“Opening and closing statements are not evidence and wide latitude is allowed in both.” Wheeler v. Commonwealth, 121 S.W.3d 173, 180 (Ky.2003) (citing Slaughter v. Commonwealth, 744 S.W.2d 407 (Ky.1987)). However, closing arguments calculated to arouse the passions and prejudices of the jury are not looked favorably upon in Kentucky. See Clement Brothers Co. v. Everett, 414 S.W.2d 576, 577 (Ky.1967). Nevertheless, “counsel cannot remain silent and then rely upon the claim that the argument was improper.” Rodgers v. Cheshire, 421 S.W.2d 599, 602 (Ky.1967). See also Greathouse v. Mitchell, 249 S.W.2d 738, 741 (Ky.1952) (“An objection to the remarks and conduct of counsel must be made at the time and a ruling had thereon, else they cannot be considered on appeal.”).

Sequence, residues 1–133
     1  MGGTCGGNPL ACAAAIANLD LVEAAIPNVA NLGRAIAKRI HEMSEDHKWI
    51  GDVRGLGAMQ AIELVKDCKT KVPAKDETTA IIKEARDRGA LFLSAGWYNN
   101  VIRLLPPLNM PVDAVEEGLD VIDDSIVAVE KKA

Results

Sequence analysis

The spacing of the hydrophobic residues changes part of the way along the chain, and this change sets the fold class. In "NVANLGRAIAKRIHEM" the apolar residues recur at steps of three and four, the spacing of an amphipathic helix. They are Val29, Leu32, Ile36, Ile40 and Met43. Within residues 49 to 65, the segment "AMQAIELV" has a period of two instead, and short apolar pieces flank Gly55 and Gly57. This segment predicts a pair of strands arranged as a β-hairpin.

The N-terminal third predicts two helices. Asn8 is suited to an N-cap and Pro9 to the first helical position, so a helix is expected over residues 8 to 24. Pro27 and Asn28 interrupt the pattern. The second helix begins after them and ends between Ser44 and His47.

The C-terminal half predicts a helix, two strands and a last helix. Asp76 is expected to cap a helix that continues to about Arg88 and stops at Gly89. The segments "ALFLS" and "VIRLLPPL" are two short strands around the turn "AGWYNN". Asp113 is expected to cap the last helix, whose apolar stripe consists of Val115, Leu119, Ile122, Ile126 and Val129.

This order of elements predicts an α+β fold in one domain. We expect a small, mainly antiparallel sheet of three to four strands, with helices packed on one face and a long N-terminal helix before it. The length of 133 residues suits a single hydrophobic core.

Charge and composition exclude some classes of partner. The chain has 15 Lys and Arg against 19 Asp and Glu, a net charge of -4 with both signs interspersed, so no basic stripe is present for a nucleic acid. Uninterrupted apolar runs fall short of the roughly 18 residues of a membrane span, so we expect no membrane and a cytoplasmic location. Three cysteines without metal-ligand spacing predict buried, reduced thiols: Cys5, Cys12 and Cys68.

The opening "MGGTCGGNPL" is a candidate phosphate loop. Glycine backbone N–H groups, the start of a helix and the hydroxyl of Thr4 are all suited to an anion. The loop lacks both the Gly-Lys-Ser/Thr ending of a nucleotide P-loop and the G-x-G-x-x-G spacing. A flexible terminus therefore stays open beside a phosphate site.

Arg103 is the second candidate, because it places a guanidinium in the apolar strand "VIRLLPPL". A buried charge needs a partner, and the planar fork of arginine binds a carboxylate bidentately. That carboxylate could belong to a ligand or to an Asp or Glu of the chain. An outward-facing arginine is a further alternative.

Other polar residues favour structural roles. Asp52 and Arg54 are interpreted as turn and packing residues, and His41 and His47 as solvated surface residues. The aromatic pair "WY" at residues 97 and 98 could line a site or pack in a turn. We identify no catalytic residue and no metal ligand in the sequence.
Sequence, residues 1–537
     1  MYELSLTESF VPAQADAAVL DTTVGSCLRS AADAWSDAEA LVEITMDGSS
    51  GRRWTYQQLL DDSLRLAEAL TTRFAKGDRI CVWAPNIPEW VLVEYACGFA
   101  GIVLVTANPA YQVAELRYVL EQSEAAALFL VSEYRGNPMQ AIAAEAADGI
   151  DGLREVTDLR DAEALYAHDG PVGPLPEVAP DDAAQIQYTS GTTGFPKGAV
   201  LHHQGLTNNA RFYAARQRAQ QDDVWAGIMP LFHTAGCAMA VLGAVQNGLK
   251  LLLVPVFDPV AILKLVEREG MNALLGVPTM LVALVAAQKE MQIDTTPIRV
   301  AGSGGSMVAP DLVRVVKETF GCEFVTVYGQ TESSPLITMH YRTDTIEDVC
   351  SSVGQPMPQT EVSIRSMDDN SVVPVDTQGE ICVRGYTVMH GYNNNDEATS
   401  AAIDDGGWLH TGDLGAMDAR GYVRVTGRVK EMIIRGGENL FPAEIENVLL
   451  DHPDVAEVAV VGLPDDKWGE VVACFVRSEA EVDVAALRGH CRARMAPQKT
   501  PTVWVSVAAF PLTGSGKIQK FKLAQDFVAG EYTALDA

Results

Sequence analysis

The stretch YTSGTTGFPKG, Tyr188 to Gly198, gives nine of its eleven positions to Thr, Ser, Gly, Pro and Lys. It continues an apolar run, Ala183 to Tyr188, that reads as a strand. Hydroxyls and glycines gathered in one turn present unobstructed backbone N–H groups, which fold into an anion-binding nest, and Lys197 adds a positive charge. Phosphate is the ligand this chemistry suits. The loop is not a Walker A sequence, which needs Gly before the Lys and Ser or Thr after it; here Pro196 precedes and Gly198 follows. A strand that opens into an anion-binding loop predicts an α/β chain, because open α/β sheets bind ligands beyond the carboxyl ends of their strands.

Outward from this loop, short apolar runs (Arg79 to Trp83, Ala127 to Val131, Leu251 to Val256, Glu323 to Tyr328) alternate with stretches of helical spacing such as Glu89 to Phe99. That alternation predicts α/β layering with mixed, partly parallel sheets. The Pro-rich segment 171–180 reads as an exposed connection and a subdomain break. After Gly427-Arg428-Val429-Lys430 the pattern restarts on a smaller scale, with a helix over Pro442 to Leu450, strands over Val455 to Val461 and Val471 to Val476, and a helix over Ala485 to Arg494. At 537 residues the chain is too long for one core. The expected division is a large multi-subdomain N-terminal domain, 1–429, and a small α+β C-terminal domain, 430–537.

Contrary to Appellants' argument, we do not construe defense counsel's statements as a suggestion that the jury should render a verdict without deliberation. Furthermore, it is clear from the record that the jury did, in fact, deliberate before returning a unanimous defense verdict. Nevertheless, Appellants sat through the entirety of opposing counsel's closing argument without objection. Such failure operates as a waiver of the argument on appeal. Moreover, Appellants' claim that the issue should be reviewed for palpable error under CR 61.02 is without merit. In Carrs Fork Corp. v. Kodak Mining Corp., 809 S.W.2d 699, 701 (Ky.1991), our Supreme Court held that “[i]n applying [CR 61.02], palpable error must result from action taken by the court rather than an act or omission by the attorneys or litigants.” See also Burns v. Level, 957 S.W.2d 218, 222 (Ky.1997). Error, if any, was opposing counsel's allegedly prejudicial statements and/or Appellants' failure to object to such in the trial court. Clearly, such acts or omissions do not equate to palpable error.